Contact:

Post by Marpee »

rjlittlefield wrote: Always the automation has produced a result that made a good starting point -- certainly a better starting point than just a collection of individual frames.
Dear Rik,
I obteined an automated image from all 85 frames. That was my starting point. Then I process a partial number of frames for the eye area. The eye appeared good and I added it to starting result. Then I added manually each single frame for the remaining areas.
rjlittlefield wrote:
So now I'm very curious about what's different with your situation. Can you show us an original frame, including some in-focus and out-of-focus hairs?
I'm not with my pc now, so I'll add original frames as soon as possible.
rjlittlefield wrote:
About the lighting, if your LED lamps have multiple LED's in each head then this can cause some problems because then you really have an array of tiny light sources, each of which can produce its own tiny reflection.
You are a magician! 8) Yes, I have a pair of Led lamps. Each lamp have four leds alongside placed. This is the lamp.
Image
rjlittlefield wrote: In that case I suggest trying with a paper diffuser placed very close to the lamp. Something like Kleenex facial tissue, taped directly to the front of the LED block. This should give you the same overall appearance as no diffuser at all, because the overall size of the light source is the same in both cases. But the diffuser will fill in the gaps between individual LEDs, which will greatly reduce the problem of multiple tiny reflections.

--Rik
In the afternoon I'll try and I'll have fun with it. :D Your advice is very helpful. Thank you very much. See you soon.

--Marco

Mitch640
Posts: 2137
Joined: Sun Aug 15, 2010 1:43 pm

Post by Mitch640 »

Now I'm curious to see how it comes out. The first one looks great.

DrLazer
Posts: 293
Joined: Wed Feb 16, 2011 4:45 am

Post by DrLazer »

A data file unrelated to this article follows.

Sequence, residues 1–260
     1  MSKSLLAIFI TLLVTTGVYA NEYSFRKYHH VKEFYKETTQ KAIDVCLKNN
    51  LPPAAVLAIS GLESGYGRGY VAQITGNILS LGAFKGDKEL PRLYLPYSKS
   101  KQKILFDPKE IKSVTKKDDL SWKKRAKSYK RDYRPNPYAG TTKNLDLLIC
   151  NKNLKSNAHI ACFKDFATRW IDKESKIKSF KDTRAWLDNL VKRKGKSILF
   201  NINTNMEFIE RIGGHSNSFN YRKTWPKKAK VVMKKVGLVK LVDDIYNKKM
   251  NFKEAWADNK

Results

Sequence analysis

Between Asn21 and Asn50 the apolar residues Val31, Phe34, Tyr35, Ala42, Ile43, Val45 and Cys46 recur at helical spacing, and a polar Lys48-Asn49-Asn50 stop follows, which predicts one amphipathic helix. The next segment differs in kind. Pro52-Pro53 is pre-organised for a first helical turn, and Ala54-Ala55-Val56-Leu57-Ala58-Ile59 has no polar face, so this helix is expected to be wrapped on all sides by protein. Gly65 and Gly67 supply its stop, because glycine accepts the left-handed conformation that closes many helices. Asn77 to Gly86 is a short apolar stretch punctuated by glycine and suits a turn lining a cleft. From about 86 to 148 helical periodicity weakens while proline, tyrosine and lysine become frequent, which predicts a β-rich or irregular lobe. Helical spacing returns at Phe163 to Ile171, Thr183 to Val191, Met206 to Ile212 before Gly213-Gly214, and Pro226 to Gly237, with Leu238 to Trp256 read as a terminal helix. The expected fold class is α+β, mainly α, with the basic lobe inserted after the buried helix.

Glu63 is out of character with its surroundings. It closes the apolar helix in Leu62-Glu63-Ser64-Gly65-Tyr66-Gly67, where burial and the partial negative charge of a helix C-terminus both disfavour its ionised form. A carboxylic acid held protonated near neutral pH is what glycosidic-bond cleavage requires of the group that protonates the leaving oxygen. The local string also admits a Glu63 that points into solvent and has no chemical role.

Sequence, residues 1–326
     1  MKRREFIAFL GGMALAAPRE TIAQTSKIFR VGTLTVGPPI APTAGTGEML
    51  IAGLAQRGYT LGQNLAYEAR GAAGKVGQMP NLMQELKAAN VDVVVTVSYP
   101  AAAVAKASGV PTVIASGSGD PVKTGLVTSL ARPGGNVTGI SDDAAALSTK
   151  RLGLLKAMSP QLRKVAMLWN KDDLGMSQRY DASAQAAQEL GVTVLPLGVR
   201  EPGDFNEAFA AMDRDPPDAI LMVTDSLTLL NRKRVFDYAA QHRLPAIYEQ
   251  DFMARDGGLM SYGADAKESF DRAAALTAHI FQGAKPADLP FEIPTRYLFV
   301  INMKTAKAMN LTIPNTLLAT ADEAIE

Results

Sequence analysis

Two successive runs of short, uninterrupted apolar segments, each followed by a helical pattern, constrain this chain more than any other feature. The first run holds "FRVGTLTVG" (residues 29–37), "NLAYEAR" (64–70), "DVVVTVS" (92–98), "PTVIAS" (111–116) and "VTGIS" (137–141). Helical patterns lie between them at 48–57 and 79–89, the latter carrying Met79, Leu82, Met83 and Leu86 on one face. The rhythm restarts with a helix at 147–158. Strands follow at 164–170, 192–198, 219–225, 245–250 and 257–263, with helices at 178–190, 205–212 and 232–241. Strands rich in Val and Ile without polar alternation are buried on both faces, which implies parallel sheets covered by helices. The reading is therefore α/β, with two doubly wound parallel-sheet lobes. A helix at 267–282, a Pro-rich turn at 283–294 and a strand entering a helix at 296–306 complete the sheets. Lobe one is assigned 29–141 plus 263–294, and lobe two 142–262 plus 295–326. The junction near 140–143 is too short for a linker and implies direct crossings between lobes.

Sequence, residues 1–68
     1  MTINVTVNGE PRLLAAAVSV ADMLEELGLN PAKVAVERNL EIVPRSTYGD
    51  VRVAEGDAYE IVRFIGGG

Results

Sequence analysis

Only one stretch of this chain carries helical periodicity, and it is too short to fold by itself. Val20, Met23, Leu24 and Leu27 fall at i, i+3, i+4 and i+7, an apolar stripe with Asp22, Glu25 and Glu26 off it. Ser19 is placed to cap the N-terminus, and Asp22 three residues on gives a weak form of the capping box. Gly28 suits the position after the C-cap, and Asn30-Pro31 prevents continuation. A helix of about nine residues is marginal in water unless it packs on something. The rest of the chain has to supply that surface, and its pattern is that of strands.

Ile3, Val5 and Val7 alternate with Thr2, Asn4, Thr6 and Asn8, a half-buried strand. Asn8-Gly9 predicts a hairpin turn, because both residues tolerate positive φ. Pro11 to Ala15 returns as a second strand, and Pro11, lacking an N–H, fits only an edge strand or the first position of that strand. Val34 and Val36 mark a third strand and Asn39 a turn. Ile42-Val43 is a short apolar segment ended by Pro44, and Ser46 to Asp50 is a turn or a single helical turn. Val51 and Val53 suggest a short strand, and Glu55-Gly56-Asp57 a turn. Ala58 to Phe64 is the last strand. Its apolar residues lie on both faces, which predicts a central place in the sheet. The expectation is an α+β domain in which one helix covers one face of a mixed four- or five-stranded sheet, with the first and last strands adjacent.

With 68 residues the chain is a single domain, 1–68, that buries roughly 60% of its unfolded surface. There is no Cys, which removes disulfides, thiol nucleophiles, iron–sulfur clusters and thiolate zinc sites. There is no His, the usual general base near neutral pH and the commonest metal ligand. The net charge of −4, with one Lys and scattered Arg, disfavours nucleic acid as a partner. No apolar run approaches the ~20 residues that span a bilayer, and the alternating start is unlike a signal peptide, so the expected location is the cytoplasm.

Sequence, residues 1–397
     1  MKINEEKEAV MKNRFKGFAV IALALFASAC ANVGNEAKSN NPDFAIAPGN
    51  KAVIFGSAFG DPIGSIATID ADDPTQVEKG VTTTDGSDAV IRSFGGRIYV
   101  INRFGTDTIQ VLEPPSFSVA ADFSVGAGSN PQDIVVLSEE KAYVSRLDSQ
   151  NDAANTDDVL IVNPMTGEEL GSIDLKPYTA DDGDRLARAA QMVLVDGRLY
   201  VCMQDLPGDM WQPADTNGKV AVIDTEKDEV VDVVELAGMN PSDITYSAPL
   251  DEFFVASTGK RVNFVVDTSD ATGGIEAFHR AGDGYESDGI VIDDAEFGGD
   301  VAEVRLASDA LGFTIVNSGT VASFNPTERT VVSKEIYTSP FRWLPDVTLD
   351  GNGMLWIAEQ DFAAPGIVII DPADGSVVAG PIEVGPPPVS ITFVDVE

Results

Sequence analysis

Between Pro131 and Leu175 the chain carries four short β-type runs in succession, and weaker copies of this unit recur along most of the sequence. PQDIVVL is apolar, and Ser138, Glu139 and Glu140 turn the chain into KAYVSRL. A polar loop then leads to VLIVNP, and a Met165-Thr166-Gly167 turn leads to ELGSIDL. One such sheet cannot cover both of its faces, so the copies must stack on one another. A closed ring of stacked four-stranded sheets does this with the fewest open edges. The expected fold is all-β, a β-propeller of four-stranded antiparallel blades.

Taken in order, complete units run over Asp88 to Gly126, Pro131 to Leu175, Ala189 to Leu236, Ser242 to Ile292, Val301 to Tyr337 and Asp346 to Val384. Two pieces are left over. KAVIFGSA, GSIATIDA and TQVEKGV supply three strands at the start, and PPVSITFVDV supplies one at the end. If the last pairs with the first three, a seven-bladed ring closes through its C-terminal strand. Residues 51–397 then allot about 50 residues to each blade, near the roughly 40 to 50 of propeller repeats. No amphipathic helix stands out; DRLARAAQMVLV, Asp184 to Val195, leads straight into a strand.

I can't wait to see it either. That image is insane.

Marpee
Posts: 23
Joined: Tue Nov 09, 2010 2:09 am
Location: Italy
Contact:

Post by Marpee »

Sorry for delay. I uploaded two frames and you can see some reflections in out of focus area that cause my problem. Now, I'm stacking a new subject. I've covered led lamps with some layers cutted from a shopping bag and it works; I've not intrusive reflections. I will post it as soon as I completed. :)
Image
Image

rjlittlefield
Site Admin
Posts: 21395
Joined: Tue Aug 01, 2006 8:34 am
Location: Richland, Washington State, USA
Contact:

Post by rjlittlefield »

Thanks for the followup. Yes, I see the problem. In the first image of this last pair, those fine streaks in the OOF mandibles almost certainly come from individual LEDs in the light head, reflected from a somewhat cylindrical surface. What happens is that the reflection lies above or below the surface, and it's astigmatic so that it's sharp on some axis and blurred perpendicular to that. Stacking algorithms will latch onto "detail" along the sharp axis of the reflection and choose those pixels instead of the real surface details that you want. Switching to an extended light source with softer edges eliminates the bogus detail in the reflections, and gives a clean stack.

This is a great sample -- perhaps the best illustration of this effect that I've seen.

--Rik

Marpee
Posts: 23
Joined: Tue Nov 09, 2010 2:09 am
Location: Italy
Contact:

Post by Marpee »

Rik,
thanks again for the further analysis. :)

--Marco

Post Reply Previous topicNext topic